The series has an overarching plot, so if you still like the sound of it after reading my reviews (!) then this isn’t the place to start. There are spoilers for the previous books in this review.

The discovery of several sets of human remains in a sink hole in Lancaster Falls leads to speculation that one of the bodies is that of Casey McGuire, a young man who went missing a decade earlier, and whose disappearance is still felt keenly by all in the community. The previous book (Without a Trace) focused on the investigation as to whether or not Casey was one of the murder victims and who might have killed him; All That Remains picks up the story shortly after the events of that book, when an FBI team headed by Special Agent Lucas Beaumont arrives in the town to work the investigation into what looks like a string of serial murders of young women.

You can read the rest of this review at AudioGals.

Off Balance (Painted Bay #1) by Jay Hogan

This title may be purchased from Amazon

When JUDAH MADDEN flees his tiny suffocating home town in New Zealand for the dream of international ballet stardom, he never intends coming back. Not to Painted Bay. Not to his family’s struggling mussel farm. Not to his jerk of a brother. Not with his entire life plan in shreds. And certainly not into the tempting arms of MORGAN WIPENE, the older, ruggedly handsome fisheries officer who seems determined to screw with Judah’s intention to wallow in peace.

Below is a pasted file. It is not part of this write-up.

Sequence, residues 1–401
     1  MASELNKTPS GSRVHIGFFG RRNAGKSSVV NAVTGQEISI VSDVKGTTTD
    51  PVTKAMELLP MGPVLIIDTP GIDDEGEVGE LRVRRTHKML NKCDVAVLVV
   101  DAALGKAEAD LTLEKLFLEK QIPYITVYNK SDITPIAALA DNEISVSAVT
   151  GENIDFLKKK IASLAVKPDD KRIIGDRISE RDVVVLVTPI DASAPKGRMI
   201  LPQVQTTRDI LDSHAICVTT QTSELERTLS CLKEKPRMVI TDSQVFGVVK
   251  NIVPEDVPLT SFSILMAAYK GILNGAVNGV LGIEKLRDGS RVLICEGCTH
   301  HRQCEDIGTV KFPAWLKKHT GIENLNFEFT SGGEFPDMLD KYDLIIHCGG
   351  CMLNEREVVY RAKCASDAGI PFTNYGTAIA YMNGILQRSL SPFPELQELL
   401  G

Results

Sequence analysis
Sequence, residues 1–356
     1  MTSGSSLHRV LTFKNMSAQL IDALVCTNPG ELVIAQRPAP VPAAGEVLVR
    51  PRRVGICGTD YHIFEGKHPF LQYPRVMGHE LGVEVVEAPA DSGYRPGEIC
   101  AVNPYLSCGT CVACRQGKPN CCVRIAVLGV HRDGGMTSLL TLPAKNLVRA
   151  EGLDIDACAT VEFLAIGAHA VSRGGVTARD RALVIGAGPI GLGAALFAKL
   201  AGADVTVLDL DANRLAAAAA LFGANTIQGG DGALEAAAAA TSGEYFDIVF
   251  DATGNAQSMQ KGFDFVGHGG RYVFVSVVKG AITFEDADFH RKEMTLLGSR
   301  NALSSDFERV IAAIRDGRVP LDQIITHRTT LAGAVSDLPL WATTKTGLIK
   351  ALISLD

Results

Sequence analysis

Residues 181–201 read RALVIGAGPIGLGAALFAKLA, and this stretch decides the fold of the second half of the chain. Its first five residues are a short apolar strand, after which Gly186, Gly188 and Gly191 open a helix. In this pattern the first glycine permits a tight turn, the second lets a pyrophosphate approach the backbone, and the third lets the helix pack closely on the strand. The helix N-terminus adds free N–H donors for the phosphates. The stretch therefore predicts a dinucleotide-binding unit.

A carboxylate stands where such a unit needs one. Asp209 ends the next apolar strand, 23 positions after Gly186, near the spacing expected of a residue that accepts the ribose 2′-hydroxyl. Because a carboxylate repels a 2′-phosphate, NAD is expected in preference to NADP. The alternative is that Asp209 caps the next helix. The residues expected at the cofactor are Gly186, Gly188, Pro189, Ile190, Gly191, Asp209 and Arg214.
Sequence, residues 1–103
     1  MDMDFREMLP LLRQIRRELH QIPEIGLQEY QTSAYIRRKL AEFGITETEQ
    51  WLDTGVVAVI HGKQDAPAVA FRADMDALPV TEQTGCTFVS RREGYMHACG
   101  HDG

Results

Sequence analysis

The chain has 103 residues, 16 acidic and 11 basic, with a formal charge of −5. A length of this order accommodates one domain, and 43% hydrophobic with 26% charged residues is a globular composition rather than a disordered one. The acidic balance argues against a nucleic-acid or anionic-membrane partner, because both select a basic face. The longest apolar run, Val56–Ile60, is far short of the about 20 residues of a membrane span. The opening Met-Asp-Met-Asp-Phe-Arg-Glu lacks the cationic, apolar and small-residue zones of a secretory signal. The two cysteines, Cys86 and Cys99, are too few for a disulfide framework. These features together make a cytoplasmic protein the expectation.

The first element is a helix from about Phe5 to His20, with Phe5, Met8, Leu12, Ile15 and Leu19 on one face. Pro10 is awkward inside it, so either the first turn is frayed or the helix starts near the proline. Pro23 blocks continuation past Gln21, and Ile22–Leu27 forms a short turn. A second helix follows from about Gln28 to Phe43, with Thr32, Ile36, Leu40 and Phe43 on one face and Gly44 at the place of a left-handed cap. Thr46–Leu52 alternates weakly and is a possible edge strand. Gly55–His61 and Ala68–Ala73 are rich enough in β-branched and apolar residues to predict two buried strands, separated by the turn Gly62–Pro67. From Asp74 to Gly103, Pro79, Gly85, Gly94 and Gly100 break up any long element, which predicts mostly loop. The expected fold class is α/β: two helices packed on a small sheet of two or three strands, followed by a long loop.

But dreams are fickle things. Shatter them and it’s hard to pick up the pieces. Hard to believe. Hard to start again.

And the hardest thing of all? Finding the courage to trust in love and build a new dream where you least expected to find it.

Rating: A-

In Off Balance, the first book in her new series of contemporary romances, author Jay Hogan takes a big geographical leap from one end of New Zealand to the other, from the lakes and mountains of the Southland (the setting for her recent Southern Lights books) to the coastal region of subtropical Northland at the northern tip of the North Island, and the small town of Painted Bay. It’s an emotional, powerful story about two very different men who end up back in their home town following tragedy and heartbreak, and how they learn to come to terms with the past and move forward with their lives while also working out how – and if – they can manage to do that together.